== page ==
By: Monica Dominguez
2011 has been an action-packed year for Thailand beginning with the election of Prime Minister Yingluck Shinawatra from the Pheu Thai Party, dealing with the consecutive internal conflicts caused, now followed by unmatched devastation due to massive flooding. The flooding began in the North of Thailand in late July at the Chao Phraya River and continues to this day.
Many sources and citizens agree that this is the worst flooding Thailand has seen in nearly four decades. According to Thailand’s Flood Relief Operations Command, over 281 people have already been killed and four people are missing. The waters have damaged over 3 million acres of farmland around Thailand, and, in conjunction with mudslides have affected eight million people and 60 out of 77 provinces according to Thailand’s Disaster Prevention Department.
Many nature preserves and wildlife centers have also been affected, resulting in over 200 escaped crocodiles and 15 elephants stranded at Ayutthaya’s Royal Elephant Kraal. Having already damaged Northern Regions and provinces of Chiang Mai, Lampang, Mae Hong Don, Non Khai and many more, the flood water has finally reached Bangkok.
Bangkok’s fight against the floods
There is close cooperation between former Prime Minister Abhisit Vejjajiva and his successor, Yingluck Shinawatra to work to protect Bangkok. Prime Minister Shinawatra has ordered canal dredging and reinforcement of flood-prevention embankments to protect the city, according to CNN. In addition, three new flood-prevention walls are being built at two locations in Rangsit, in northern Bangkok, and in Taling Chan, the western part of the city.
According to the BBC’s correspondent the people of Bangkok are in somewhat of a panic, buying non-perishables from the supermarkets and already postponing the new school semester. The farmers and villagers in the regions surrounding Bangkok are complaining that they are being unfairly affected by the flooding while Bangkok is being protected. Some citizens are acting out in frustration, destroying sandbags and interfering with government prevention projects. Prime Minister Shinawatra insists that protecting Bangkok is protecting the people of Thailand, however, and sources say she is confident that she made the right moves to protect Bangkok to the best of her ability.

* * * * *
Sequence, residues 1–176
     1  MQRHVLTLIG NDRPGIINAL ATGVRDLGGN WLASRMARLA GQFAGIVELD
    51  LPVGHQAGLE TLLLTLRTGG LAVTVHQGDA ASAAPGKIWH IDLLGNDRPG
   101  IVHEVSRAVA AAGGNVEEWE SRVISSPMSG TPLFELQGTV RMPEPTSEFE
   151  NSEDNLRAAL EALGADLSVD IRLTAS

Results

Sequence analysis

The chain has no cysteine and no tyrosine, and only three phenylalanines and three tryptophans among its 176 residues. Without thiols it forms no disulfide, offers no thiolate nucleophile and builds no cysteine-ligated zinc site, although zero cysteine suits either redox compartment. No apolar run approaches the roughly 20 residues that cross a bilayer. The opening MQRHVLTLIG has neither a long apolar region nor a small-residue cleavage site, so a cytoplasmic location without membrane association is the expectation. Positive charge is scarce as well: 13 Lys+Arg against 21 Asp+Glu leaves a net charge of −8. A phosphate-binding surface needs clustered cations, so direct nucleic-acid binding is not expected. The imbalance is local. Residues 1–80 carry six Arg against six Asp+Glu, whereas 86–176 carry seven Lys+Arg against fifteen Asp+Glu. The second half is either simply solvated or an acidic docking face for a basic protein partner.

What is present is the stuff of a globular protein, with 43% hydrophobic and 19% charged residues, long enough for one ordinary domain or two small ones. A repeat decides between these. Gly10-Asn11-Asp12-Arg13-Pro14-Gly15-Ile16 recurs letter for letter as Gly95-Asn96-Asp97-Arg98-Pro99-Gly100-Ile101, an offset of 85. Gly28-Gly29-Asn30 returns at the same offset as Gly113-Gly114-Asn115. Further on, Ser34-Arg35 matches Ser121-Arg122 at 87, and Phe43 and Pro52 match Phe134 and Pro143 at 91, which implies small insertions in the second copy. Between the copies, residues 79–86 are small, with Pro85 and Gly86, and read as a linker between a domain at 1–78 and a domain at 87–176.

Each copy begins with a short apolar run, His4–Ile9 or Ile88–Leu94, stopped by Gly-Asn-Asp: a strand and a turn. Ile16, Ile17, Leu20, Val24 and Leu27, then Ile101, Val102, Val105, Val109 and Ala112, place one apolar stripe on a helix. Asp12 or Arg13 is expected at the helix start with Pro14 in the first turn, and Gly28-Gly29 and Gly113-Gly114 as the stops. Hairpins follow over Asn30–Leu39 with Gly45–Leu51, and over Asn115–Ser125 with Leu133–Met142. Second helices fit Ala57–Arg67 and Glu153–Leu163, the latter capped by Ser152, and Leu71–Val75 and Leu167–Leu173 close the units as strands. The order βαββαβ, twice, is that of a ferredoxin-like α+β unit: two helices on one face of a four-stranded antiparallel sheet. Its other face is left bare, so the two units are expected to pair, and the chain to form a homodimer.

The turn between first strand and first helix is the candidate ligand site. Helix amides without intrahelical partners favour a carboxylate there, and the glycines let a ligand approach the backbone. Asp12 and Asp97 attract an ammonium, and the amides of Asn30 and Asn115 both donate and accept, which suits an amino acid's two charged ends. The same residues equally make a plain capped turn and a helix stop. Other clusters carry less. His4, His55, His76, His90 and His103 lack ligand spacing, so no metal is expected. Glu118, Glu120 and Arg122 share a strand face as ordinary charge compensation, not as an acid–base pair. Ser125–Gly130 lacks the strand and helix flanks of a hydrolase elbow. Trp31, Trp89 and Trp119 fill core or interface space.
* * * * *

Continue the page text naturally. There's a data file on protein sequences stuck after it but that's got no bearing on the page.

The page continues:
Unity and Relief Efforts
Despite the complaints of the villagers near the flood gates of Bangkok and other personal and political tensions that are bound to arise from a crisis situation, the formerly-divided people and government of Thailand seem to have come together to aide one another through this tumultuous time. Only a few months ago, violent protests and battles between Red Shirts and Yellow shirts broke out, leaving the country in a tattered political state upon the new election.
Now, according to Moni Basu at CNN, disaster has brought the people together again. Moni observes:
In Bangkok and other deluged cities and towns, the strong carried the feeble on their backs. The young aided the old. Everyone helped each other.”
Prime Minister Shinawatra has already made several trips to affected areas pledging relief and financial recovery aid, including a pledge for long term construction and prevention projects. On August 20 the 24/7 Emergency Operation Center for Flood, Storm and Landslide was set up, and the government has also allegedly allocated relief funds to the affected areas.
What can you do?
Non-governmental organizations collecting donations for flood relief include:
Note: If you would like to aid in relief efforts for Cambodia, you can donate here:
Traveling to Thailand
Thailand is still flooded and dangerous to travel through. There is major damage to the roads and cities, and also a possibility that disease is being carried through the flood waters. If you would still like to find out more about traveling in Thailand right now, this website has live flood maps and up to date information.